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Schumer calls for new elections in Israel, says ‘grave mistake’ to dismiss two-state solution

Senate majority leader Chuck Schumer offered a vision of a peaceful future for Israel and Palestine on Thursday in a floor speech in which he called on the president and his fellow lawmakers to embrace the concept of a separate, legitimised Palestinian state and called for a new government in Jerusalem.

Mr Schumer said on Wednesday that Benjamin Netanyahu, Israel’s controversial prime minister, was not part of a productive path forward for the region and said that new elections should be held in the country. Mr Netanyahu’s support of a brutal assault upon the Gaza Strip while aid has only trickled into the territory has drawn the ire of president Joe Biden and other Democrats, who are facing a political price in their own party as images of the carnage appear across social media and television.

“Palestinian civilians do not deserve to suffer for the sins of Hamas, and Israel has a moral obligation to do better,” said Mr Schumer in his floor speech.

“The Netanyahu coalition no longer fits the needs of Israel,” he continued. “The Israeli people are being stifled right now by a governing vision that is stuck in the past.”

He later described the prime minister as an “obstacle” to lasting peace in the region.

The Democratic leader’s remarks drew an immediate dissent from Senator John Fetterman, a freshman Democrat who has emerged as Israel’s most vocal supporter in the Senate Democratic caucus since the war began last October. Mr Fetterman told The Independent in an interview after Mr Schumer’s speech that he supports “the Israeli leader...that we have” and added that he would be supportive of “any leader that Israeli citizens elect”.

Republicans also opposed his position, with Speaker of the House Mike Johnson declaring them “just plain wrong” at a press conference alongside GOP House leadership after the senator’s speech.

"We want to speak very clearly and concisely to say that this is not only highly inappropriate, but just plain wrong for an American leader to play such a divisive role in Israeli politics,” Mr Johnson said.

The war between Israel and Hamas militants in Gaza has raged for months since a bloody terrorist attack on Israeli soil last October ended with more than 1,200 dead. Since that attack, the siege of Gaza has resulted in an additional 30,000-plus dead and thousands more injured and facing hellish conditions including dehydration, starvation and lack of electricity. Millions of residents have poured into the south of Gaza as the north has been almost entirely flattened by the Israeli military and debates are now raging over whether the Israeli Defence Force (IDF) will begin a full invasion of the south as well.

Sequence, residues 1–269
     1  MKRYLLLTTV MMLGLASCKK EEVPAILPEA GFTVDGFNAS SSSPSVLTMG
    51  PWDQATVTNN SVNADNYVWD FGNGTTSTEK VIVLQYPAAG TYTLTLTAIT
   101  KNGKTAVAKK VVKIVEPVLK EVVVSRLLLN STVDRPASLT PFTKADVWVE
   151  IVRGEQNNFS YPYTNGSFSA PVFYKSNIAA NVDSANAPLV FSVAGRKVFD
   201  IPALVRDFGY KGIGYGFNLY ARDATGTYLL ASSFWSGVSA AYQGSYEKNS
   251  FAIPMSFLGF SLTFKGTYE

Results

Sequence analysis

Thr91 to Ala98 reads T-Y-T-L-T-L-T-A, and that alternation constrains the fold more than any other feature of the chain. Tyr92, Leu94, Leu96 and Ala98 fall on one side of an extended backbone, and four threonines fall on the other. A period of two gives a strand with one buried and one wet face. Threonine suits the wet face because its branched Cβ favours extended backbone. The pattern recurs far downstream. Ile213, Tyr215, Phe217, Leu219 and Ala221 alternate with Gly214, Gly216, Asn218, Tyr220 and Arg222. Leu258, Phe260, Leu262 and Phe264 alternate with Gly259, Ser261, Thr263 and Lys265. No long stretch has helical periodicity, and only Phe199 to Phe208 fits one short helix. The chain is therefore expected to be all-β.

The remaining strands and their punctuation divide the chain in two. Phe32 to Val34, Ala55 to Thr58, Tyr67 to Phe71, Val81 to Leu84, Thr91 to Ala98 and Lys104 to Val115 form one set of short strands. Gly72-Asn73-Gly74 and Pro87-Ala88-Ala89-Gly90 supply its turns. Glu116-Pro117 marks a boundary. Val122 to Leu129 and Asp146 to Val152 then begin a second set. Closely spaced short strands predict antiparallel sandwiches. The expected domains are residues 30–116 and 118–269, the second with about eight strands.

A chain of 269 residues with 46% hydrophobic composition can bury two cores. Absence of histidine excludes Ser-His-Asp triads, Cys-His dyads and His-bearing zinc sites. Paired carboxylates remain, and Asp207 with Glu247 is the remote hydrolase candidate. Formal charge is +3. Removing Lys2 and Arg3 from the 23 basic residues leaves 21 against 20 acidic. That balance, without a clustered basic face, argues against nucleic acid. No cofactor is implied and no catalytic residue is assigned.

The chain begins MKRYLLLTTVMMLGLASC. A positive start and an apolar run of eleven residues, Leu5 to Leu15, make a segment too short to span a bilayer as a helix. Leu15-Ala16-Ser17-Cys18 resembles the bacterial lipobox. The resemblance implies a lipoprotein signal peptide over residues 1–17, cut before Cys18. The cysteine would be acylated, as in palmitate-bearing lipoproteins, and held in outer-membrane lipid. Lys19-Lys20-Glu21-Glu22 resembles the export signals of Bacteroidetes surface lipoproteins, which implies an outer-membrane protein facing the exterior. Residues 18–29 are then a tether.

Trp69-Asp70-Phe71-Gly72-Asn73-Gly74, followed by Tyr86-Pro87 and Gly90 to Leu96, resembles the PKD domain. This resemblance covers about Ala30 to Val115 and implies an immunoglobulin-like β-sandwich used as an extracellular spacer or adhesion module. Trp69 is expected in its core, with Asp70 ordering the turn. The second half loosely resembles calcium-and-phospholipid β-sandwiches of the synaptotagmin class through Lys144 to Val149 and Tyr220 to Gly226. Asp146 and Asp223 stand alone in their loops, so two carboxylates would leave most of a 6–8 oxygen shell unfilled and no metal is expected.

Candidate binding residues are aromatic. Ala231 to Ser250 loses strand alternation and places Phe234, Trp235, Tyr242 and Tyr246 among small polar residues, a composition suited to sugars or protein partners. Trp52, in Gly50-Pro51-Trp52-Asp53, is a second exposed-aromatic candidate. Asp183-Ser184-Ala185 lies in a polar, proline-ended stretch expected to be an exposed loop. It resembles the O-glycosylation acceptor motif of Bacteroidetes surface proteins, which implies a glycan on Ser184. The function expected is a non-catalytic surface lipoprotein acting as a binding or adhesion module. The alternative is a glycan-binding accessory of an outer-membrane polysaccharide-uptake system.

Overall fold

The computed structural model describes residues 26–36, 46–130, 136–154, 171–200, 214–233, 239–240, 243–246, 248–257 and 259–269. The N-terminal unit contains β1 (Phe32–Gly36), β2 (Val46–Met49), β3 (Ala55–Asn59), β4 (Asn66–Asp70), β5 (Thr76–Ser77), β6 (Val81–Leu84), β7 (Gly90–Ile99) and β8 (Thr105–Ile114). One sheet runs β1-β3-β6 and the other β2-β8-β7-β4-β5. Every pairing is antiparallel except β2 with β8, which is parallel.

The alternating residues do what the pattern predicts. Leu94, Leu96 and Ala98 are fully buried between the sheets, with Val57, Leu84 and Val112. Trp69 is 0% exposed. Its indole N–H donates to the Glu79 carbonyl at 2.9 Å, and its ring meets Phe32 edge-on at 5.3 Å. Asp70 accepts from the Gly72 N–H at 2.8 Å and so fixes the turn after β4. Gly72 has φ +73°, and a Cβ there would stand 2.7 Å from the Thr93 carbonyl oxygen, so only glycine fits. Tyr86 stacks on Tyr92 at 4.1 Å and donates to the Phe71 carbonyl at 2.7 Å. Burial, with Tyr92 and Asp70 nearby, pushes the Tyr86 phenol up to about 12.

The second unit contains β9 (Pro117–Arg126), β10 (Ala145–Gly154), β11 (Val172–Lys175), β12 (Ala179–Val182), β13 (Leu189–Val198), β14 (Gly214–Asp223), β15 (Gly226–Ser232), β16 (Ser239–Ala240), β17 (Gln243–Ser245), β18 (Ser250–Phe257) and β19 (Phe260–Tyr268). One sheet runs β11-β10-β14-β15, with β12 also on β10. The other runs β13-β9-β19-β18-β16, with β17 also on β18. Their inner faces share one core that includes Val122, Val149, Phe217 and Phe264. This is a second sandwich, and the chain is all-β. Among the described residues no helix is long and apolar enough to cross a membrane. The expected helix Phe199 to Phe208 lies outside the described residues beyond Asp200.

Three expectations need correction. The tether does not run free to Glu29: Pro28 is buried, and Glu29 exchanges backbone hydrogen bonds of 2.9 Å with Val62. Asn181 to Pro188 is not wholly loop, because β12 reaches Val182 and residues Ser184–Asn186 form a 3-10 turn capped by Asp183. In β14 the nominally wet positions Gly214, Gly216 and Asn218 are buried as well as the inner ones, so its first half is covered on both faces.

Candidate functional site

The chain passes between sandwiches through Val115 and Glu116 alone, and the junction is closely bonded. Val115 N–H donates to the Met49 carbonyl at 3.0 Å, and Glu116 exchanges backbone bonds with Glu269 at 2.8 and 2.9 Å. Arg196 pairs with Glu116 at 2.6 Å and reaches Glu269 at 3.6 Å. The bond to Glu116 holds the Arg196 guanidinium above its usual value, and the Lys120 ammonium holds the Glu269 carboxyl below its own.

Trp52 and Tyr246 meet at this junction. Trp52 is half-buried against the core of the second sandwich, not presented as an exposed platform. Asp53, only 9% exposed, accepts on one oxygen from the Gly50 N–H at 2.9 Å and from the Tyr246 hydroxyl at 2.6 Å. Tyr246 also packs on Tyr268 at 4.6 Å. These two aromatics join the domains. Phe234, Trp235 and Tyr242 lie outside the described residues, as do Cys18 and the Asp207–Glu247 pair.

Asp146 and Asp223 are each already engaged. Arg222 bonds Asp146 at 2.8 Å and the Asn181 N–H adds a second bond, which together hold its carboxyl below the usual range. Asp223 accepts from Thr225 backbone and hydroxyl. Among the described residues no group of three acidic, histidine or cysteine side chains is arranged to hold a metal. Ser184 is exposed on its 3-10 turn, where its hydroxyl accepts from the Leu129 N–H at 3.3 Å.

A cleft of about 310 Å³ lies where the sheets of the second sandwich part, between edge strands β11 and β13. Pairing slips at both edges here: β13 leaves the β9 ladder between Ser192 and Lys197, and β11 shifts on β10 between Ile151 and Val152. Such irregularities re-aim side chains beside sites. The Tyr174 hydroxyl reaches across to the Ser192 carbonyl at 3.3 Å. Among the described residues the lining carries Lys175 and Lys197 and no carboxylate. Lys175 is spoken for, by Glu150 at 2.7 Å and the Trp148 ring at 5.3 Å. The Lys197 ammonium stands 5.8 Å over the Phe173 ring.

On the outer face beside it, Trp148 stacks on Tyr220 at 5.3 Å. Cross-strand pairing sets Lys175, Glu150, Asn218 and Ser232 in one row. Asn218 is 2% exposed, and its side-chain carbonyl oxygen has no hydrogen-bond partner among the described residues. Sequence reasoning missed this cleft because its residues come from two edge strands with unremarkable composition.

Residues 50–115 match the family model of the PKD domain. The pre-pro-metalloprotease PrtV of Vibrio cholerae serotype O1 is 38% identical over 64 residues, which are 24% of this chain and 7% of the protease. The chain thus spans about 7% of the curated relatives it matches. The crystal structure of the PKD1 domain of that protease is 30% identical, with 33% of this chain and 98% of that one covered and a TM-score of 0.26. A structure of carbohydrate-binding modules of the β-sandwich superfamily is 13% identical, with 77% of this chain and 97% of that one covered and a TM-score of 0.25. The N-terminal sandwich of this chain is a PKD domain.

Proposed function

Support for the Israeli government and America’s role in funding and supplying the country has frayed among Democrats in particular as images of the dead and wounded have become increasingly visible. Footage appearing to show a crowd of civilians approaching an aid convoy and being fired upon by Israeli troops, resulting in the deaths of more than 100 people, escalated demands for the Israeli government to allow more aid to be safely distributed in southern Gaza.

Mr Netanyahu currently holds power in Israel thanks to a coalition his party formed with other far-right factions in late 2022. The factions have been blamed for stoking tensions with Palestinians including their support for the Israeli “settler” movement, which the White House has taken steps to sanction for violence against Palestinians in the West Bank and elsewhere.

Mr Netanyahu’s relationship with the United States has deteriorated significantly over the past few months, never having been rock solid in the first place thanks in large part to his closeness to and support for Donald Trump – Mr Biden’s 2020 and most likely 2024 presidential opponent. After the president’s State of the Union address last week, Mr Biden was heard telling Democratic lawmakers about a recent conversation with the Israeli leader in which he had supposedly told Mr Netanyahu that the two would soon have a “come-to-Jesus” meeting.

Mr Schumer’s words on Thursday are likely to bolster the sentiments of progressives in the Senate and House of Representatives who have criticised the Israeli military’s assault on Gaza. One of those progressives, Senator Bernie Sanders, has repeatedly called for the US Congress to cease writing Mr Netanyahu a “blank check” for his country’s war effort.

One of his allies in the chamber, Senator Sherrod Brown of Ohio, concurred with the leader’s call for new elections in his own remarks to reporters.

“I think the sooner that Netanyahu is gone, the better,” he was reported as saying.

White House national security communications adviser John Kirby told reporters on Thursday the Senate leader gave the White House advance notice of his remarks but stressed that it was done as a courtesy and was not “about approval, or disapproval or editing in any way”.

“We know the leader Schumer feels strongly about this ... we’re gonna stay focused on making sure that Israel has what it needs to defend itself while doing everything that they can to avoid civilian casualties and, of course, we’re still focused, laser-focused, on trying to get a temporary ceasefire in place so that we can get the hostages out and get more aid in,” he said.